How the Library Selects its Books

Samuel Cower

The new books
Some of the newest books to arrive in the library.

I recently went to the library and asked the librarian, Bill Street, various questions about the books in the library to get a good idea how and why they’re selected for inclusion. My findings were thus:

Bill makes three orders for new books every year: in Fall, Winter, and Spring. The reason there always seem to be books on the “new books” table is because the book orders take a long time to process, so they get to keep the rotation constant. In total, the books cost $6000-8000 dollars a year.

When prompted about how he selects the books, Bill said he uses a magazine published by the American Library Association called Booklist. The magazine gives book recommendations to libraries all across the country, and even gives different recommendations based on whether the reader represents a public library, school library, etc.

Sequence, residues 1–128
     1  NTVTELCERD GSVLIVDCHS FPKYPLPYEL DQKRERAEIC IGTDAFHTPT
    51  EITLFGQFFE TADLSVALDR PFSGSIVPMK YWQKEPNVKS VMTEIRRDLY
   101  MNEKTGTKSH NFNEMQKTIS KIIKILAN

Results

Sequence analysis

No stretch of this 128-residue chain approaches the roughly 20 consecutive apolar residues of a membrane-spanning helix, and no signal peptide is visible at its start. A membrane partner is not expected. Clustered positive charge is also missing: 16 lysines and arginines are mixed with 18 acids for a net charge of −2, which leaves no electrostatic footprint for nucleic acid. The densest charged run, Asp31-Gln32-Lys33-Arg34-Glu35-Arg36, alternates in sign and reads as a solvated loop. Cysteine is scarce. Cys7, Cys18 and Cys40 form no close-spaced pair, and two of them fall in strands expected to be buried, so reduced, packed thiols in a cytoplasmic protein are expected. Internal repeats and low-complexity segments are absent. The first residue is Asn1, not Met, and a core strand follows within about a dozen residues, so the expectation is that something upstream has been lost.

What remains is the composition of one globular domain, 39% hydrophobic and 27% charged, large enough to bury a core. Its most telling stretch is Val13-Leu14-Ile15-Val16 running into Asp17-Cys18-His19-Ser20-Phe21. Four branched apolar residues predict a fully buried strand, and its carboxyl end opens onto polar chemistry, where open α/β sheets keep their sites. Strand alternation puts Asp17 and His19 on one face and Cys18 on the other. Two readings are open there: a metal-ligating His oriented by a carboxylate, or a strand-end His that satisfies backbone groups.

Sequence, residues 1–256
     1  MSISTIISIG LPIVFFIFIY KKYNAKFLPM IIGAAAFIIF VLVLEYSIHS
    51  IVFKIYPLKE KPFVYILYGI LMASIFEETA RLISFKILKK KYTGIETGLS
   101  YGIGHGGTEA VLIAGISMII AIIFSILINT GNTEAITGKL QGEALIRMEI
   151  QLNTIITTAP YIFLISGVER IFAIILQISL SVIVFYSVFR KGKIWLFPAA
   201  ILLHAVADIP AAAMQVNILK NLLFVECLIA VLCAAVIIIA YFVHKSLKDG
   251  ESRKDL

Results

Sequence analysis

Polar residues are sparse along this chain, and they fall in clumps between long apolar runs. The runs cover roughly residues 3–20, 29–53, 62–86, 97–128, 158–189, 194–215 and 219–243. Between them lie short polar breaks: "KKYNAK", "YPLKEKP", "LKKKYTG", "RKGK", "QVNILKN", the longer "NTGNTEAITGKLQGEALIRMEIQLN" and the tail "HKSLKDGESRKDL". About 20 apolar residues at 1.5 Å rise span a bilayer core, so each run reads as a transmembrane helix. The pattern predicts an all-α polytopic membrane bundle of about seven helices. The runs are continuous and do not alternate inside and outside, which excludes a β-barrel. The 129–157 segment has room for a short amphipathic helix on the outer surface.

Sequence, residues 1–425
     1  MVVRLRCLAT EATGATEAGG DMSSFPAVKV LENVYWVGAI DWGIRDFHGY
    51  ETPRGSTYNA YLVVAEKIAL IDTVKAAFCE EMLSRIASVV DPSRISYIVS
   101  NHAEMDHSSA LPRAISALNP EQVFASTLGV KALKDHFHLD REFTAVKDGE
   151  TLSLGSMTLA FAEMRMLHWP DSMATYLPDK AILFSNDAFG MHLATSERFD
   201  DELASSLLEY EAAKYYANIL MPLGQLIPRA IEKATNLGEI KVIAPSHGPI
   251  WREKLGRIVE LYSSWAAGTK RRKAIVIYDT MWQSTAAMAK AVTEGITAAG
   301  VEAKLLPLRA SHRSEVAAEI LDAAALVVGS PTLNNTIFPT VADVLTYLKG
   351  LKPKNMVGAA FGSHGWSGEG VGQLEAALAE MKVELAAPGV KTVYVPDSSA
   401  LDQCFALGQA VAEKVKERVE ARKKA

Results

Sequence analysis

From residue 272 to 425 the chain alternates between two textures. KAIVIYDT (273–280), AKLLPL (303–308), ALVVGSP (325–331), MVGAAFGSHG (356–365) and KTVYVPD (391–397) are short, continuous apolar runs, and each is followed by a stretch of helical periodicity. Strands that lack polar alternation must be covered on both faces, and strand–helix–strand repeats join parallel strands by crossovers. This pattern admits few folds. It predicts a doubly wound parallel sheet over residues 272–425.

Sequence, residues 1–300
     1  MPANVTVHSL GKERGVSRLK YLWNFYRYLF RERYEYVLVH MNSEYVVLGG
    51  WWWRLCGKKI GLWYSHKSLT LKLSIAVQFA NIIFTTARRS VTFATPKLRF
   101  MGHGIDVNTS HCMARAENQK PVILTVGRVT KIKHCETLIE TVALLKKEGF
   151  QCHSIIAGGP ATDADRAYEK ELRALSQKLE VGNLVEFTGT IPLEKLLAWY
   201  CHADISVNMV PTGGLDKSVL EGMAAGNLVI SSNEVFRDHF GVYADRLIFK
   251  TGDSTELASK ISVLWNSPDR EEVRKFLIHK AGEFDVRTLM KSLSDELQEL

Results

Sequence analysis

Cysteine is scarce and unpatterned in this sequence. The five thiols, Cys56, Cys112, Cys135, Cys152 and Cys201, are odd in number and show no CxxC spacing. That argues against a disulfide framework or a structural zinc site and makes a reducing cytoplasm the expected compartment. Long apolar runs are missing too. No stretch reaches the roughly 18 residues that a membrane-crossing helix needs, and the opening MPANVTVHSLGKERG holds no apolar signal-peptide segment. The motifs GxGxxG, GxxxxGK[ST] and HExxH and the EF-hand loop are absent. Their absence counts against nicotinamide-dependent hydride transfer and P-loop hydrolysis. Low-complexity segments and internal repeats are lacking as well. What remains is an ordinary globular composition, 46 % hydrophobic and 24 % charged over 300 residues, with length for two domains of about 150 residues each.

The books themselves are mostly shipped in from a factory in Roseburg, by a company called Ingram. They ship books and other reference materials to libraries all over the country.

Finally, I asked Bill if any books have ever been taken out of the library’s circulation, and he had this to say: “With other schools, if a student or parent complains that a book is objectionable, that book will eventually be taken to the school board and they’ll decide on whether or not the book should be kept, but that’s never happened here once.”

Some of the new books coming in this season include: A Blue So Dark by Holly Schindler, Imperfect Birds by Anne Lamott, Green Careers: You Can Make Money and Save the Planet by Jennifer Power Scott, One River by Wade Davis, Over the Anvil We Stretch by Anis Mojgani, College Handbook 2011 by The College Board, and Fishes of the Open Ocean by Julian Pepperell and Guy Harvey.